And fifth, radiate love and light. Be a beacon of light and forgiveness blessing all souls. Expand the love in your heart and radiate it outward in all directions and dimensions. This adds to the tsunami of love rippling across the multiverse, uplifting all souls and continuing the evolution consciousness Itself. You are that already. So be it.

More about Stevie Ray

Posted by Mitch Ditkoff at 09:53 AM | Comments (0)

August 11, 2022
Getting Ready to Cross Over


This is my friend, Warren Bernhardt. I saw him early this evening in his room, on his death bed. Warren is getting ready to move on after 83 years on planet Earth. As usual, I brought him a chocolate milkshake, even though a few days ago he decided not to drink anything anymore, just as he had decided not to eat anything anymore. But the last time I visited him, he asked if i would bring him a milkshake and so I did.

Before I visited today, I spoke with his beautiful daughter, Nicole, and we talked about whether or not I should actually give him the milkshake, wanting to honor his new commitment not to drink anything anymore. Nicole suggested I put it in the refrigerator and just visit him, but if he asked for the milkshake (choice, always choice!), then I would bring it to him. Four seconds after walking into his room, Warren asked me if I had brought the milkshake, so I fetched it from the kitchen, held it for him and bent the straw in his direction, so he could sip. But try as he might, he could not get anything from the straw. So, I pulled the straw out and sucked the bottom of it, clogged as it was, with a chunk of vanilla ice cream. It tasted very good.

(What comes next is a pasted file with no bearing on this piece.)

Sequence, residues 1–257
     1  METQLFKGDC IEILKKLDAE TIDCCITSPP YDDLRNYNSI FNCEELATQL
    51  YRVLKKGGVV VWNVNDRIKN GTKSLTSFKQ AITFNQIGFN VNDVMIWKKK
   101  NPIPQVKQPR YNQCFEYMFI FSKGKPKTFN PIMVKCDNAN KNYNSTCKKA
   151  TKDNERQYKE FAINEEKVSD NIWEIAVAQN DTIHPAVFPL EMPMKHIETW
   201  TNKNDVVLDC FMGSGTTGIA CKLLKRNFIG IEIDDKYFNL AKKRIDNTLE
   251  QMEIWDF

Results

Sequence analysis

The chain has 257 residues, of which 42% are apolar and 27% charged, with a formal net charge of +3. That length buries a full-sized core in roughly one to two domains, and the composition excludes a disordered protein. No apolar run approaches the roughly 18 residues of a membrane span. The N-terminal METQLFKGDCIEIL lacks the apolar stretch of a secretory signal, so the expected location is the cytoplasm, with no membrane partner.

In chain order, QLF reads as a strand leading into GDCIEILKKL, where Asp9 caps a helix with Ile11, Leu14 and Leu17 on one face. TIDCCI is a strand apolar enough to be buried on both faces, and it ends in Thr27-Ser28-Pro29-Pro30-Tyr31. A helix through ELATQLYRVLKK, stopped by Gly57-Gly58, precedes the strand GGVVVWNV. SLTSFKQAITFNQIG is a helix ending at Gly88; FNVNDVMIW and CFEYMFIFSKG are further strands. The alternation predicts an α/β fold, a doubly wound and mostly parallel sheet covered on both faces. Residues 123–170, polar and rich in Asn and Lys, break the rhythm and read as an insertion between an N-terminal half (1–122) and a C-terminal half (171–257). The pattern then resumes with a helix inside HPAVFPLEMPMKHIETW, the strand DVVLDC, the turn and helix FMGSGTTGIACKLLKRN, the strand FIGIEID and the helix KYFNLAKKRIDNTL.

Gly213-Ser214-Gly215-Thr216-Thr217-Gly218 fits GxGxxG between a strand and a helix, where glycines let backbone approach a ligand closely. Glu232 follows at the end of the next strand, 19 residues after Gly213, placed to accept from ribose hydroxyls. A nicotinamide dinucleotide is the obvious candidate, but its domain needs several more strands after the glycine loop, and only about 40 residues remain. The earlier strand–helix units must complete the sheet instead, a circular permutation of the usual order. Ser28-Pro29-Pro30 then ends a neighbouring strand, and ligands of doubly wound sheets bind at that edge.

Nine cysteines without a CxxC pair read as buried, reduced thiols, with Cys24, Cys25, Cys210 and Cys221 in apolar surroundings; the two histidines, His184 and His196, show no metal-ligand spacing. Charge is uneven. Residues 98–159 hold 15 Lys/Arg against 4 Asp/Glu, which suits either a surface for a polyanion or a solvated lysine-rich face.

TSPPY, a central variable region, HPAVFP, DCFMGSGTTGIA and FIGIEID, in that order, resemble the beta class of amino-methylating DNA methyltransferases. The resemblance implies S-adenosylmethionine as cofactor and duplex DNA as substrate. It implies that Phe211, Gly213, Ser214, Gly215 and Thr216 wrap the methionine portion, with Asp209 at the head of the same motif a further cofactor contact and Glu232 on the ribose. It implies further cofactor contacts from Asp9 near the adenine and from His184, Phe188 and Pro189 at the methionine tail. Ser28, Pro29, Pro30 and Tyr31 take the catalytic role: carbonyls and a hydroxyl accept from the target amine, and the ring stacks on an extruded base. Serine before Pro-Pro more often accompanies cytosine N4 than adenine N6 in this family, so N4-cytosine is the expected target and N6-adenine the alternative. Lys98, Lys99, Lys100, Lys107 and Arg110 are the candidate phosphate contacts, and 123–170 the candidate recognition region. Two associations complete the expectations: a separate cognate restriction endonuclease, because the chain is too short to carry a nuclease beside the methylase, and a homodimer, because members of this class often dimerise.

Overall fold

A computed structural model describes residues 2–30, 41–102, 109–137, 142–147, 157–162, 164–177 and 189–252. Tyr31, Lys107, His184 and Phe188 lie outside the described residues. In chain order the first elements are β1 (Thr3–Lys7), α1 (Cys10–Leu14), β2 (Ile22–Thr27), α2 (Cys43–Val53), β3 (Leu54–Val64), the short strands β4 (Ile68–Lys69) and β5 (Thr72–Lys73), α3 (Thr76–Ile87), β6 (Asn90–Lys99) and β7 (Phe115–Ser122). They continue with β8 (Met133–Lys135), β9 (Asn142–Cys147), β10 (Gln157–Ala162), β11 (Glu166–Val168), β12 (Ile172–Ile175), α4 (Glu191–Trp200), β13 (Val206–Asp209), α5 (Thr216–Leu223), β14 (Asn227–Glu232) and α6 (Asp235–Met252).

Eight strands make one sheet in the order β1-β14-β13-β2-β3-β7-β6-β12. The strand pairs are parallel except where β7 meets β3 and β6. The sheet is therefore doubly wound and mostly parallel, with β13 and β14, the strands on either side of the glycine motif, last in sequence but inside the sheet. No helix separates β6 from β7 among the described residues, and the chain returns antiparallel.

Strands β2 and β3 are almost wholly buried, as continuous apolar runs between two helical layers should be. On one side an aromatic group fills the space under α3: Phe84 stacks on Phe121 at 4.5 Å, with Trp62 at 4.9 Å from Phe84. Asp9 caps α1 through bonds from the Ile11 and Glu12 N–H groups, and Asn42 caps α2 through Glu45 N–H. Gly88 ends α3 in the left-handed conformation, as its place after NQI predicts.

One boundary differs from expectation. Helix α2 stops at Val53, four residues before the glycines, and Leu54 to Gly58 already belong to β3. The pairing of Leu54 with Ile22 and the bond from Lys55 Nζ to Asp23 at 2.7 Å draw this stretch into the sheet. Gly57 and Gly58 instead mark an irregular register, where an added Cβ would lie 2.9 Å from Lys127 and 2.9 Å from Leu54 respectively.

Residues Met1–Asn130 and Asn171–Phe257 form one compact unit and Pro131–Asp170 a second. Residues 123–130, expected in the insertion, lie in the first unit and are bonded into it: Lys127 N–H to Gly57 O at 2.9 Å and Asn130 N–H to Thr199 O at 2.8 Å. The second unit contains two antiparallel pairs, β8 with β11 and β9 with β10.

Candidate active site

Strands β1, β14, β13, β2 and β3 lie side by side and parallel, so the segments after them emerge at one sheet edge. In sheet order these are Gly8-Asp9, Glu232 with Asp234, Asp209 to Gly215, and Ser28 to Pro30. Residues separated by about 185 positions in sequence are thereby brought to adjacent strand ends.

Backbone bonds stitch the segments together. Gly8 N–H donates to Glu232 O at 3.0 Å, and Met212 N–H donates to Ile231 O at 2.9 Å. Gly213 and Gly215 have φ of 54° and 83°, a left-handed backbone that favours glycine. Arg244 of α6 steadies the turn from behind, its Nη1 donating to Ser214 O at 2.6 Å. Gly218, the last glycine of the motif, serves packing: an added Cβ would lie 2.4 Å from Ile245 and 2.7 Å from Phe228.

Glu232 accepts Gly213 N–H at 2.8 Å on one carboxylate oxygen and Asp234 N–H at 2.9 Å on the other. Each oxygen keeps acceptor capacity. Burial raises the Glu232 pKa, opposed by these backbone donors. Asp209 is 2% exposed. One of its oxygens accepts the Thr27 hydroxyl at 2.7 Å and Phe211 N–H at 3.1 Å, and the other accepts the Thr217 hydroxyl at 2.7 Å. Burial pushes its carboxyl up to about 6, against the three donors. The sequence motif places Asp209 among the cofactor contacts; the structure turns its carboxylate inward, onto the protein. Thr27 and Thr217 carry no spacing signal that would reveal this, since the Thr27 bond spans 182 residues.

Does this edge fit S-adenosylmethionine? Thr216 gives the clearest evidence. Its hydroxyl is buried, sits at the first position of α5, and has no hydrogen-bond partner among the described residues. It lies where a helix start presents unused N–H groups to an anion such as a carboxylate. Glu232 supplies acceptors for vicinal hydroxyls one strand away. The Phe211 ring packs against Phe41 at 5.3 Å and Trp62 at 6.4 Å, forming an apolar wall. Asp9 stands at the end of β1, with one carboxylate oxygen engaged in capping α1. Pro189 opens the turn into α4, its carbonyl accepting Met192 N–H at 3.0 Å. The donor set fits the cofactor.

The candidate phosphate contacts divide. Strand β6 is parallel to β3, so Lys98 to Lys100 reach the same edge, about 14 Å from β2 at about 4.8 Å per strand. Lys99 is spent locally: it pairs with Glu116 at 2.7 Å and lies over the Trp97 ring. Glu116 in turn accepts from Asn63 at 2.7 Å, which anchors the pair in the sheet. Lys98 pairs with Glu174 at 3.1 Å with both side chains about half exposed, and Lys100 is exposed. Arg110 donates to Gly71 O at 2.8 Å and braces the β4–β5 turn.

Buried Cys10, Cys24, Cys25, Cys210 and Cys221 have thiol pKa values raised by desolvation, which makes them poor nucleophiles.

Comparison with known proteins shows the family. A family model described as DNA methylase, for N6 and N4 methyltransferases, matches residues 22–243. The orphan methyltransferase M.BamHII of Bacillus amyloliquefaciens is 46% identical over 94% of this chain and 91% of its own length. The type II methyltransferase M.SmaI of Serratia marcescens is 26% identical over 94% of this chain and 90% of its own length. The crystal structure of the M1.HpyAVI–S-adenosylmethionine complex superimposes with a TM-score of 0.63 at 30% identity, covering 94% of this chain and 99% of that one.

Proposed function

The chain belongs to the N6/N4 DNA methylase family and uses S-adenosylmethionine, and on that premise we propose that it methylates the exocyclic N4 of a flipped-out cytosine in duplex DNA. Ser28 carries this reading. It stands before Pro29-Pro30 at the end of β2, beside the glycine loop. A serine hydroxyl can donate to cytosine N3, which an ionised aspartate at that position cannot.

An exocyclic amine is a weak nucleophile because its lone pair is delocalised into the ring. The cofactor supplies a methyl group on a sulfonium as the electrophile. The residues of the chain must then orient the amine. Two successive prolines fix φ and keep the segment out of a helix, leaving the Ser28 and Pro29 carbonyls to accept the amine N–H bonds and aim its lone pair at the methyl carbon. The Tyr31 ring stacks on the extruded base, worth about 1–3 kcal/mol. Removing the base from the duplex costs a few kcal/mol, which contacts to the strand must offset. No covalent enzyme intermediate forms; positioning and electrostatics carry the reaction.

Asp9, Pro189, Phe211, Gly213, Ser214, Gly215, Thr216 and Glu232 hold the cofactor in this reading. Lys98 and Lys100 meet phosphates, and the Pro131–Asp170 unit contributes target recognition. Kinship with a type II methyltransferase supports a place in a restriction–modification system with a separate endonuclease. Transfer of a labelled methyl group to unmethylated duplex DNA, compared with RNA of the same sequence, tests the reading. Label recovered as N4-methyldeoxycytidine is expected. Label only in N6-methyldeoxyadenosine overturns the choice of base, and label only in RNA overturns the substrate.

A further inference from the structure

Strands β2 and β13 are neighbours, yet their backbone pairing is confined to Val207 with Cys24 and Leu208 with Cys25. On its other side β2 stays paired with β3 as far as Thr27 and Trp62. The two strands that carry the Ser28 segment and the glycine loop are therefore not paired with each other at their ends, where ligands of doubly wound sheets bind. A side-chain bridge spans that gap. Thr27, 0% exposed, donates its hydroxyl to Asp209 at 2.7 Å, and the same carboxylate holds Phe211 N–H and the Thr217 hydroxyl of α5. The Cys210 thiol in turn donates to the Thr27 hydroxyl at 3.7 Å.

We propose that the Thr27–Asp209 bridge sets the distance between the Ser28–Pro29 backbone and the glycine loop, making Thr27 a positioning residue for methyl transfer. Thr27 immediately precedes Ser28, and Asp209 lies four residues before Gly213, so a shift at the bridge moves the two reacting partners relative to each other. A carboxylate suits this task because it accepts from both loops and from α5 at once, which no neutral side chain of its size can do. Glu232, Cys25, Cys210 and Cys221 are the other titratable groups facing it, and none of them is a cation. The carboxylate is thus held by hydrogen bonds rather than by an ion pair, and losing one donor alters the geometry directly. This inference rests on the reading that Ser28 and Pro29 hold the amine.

Warren laughed. And then it was his turn. He took four sips and then asked me to put it back in the refrigerator, which I did.

We talked about many things and laughed a lot. Then we started talking about gratitude and grace and how important it was, at this time of his life, to focus on them both. He told me that is exactly what he has been doing on his death bed -- thinking about all that he has to be grateful for -- his son, Tim, his daughter Nicole, his wife Jan, and his friends and his music -- all of the music that has come through him for so many years, bringing delight and inspiration to millions of people all over the world.

At one point in his life, Warren's roommate was Bill Evans. They spent 12 hours each day playing 4-handed piano, the two of them sitting on the same piano bench, playing music, together, into the wee hours of the night.

The last time I visited Warren, someone in the living room was playing his piano. Warren liked what he heard and he asked me to find out who it was and thank him. It was a 12-year old boy, Charlie. I thanked Charlie on Warren's behalf, then played chopsticks with Angel, Rachel's son, for a little while.